Good Governance is Key to mHealth Intervention Success

Rebecca Simon

Former Manager of Strategic Communications

The first Global mHealth Forum, part of the 6th Annual mHealth Summit, took place December 10-11, 2014, just outside Washington, DC. For the first time, those of us implementing mHealth interventions in developing countries had our own space to dive deeper into the successes and challenges of our work.

During the opening plenary, Dr. Patricia Mecheal, Senior mHealth Advisor at the UN Foundation and Principal at HealthEnabled, kicked off the Forum with an eye-popping statistic: there are more active mobile phones in the world than people. But, she cautioned the over 500 people present from more than 50 countries, “The real game changer is not the technology, but the people.” We can have powerful tools in the palm of our hands, but we must also continuously update content, monitor usage data, make constant adjustments, and foster an enabling environment via good governance to meet the needs of the people who can most benefit from these mobile tools.

The first session of the Forum, Government Plenary with a Focus on Scale, laid the foundation for the presentations throughout the day. The moderator, Mark Landry of WHO, drove home a poignant point, saying, “Committing to universal health coverage means committing to information and communication technology.” Dr. Alvin Marcelo, a leader of the Asia eHealth Informatics Network, mentioned that one mobile phone carrier in the Philippines recorded 2 billion text messages this year. It’s only logical, then, that health service delivery, management, and governance moves to a mobile platform, too, a point driven home by MSH’s Kyle Duarte, pointing out that “We are increasing access to health care with mobile technologies” in the mHealth Services: Localization for Success session.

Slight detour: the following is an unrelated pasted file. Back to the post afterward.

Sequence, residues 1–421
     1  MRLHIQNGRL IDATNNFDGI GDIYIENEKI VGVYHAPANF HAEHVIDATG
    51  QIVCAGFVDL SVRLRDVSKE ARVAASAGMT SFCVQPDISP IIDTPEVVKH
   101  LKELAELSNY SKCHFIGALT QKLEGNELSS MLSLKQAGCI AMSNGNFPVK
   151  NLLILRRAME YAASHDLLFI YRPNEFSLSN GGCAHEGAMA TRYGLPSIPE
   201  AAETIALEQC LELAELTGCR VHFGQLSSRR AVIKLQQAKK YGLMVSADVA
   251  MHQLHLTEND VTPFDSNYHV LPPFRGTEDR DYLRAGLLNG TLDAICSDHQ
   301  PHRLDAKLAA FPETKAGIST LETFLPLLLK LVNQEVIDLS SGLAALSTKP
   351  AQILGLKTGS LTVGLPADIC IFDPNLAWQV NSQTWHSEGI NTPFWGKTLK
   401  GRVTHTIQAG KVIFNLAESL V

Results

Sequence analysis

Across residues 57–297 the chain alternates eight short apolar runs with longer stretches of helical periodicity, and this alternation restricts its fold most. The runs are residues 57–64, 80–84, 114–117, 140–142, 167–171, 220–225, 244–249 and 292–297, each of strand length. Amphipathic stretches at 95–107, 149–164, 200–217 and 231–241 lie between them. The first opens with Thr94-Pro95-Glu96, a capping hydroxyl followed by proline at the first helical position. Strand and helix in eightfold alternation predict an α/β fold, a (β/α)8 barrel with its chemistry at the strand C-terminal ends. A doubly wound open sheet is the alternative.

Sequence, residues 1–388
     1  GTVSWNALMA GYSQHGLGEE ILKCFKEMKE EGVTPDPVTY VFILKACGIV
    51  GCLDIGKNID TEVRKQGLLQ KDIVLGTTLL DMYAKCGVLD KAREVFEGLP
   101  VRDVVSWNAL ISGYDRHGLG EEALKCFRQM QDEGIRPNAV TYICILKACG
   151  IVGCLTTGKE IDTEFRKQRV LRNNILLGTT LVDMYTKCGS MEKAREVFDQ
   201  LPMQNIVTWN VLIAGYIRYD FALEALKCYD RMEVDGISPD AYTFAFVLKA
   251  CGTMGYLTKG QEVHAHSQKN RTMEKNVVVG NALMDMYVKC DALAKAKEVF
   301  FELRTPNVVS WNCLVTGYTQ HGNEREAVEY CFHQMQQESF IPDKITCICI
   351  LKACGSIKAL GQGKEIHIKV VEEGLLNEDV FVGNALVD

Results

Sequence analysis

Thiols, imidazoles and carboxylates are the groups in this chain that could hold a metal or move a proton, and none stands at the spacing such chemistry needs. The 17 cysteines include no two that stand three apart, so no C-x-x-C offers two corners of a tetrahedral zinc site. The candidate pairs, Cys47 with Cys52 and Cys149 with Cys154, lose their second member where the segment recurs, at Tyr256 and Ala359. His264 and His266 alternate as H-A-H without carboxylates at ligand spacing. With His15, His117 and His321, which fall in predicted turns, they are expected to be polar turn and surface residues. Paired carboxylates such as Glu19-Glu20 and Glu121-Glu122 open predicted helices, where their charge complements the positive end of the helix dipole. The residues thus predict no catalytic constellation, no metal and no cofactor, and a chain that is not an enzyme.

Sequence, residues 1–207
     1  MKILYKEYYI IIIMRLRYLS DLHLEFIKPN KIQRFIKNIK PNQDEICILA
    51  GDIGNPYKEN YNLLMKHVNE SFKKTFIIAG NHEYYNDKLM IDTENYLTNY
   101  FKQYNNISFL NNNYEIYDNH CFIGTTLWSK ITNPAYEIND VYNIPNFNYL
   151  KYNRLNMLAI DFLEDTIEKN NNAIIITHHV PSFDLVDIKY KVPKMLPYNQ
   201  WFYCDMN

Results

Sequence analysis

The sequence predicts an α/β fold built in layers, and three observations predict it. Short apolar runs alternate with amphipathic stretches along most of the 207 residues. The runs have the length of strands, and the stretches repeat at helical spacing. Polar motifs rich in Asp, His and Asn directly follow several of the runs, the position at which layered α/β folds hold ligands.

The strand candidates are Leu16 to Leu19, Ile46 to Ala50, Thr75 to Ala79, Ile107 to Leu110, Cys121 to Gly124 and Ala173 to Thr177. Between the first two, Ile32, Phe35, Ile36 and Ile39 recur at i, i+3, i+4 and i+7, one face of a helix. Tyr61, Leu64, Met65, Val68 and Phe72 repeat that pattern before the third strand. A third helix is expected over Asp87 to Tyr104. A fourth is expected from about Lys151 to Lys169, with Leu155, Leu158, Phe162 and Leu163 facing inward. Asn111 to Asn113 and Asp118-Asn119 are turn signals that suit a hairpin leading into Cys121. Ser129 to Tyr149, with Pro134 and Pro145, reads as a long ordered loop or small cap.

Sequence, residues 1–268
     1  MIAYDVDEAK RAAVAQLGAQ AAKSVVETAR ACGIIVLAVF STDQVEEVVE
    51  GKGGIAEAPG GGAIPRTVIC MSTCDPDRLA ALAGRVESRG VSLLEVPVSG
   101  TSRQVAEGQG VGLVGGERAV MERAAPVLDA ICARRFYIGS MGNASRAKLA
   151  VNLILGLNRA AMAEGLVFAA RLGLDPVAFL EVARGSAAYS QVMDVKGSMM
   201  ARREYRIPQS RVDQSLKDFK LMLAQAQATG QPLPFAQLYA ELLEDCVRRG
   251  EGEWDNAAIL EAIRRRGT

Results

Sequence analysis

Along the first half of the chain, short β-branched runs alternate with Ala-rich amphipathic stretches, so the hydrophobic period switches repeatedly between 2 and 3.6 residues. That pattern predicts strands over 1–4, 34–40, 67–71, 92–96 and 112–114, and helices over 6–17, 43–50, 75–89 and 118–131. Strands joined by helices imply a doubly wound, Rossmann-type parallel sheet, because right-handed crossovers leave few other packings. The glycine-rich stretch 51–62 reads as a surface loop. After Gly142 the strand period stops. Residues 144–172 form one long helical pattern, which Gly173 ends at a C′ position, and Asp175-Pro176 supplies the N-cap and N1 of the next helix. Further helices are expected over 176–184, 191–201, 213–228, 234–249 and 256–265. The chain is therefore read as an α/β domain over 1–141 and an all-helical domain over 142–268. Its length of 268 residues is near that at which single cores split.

But how can a health system implement mobile technology-based interventions that truly have impact? The short answer: good governance. Dr. Fatema Khatun, Assistant Scientist for Equity and Health Systems at the International Centre for Diarrhoeal Diseases Research, Bangladesh (ICDDR,B), pointed out that there are 19 mHealth initiatives in Bangladesh right now. Nineteen! Just one behavior change communication mHealth intervention requires quality content, accessible channels (voice versus SMS), and appropriate engagement (e.g., weekly phone calls, daily texts, etc.). A well governed health system can help ensure quality and accessibility of mHealth tools for the people who can most benefit from these types of interventions.

Effective mHealth interventions at any level of a health system need the four essential practices for good governance:

Employing these four essential practices can create the enabling environment necessary for mHealth interventions to thrive and show impact.

Following the conversation on Twitter (#GmHF14 and #mHealth14), Dykki Settle from IntraHealth quoted ecGroup’s Derek Ritz in the most important message of the day: “soon the m’s and e’s will go away, and health technologies will just be the way we deliver ‘health.’”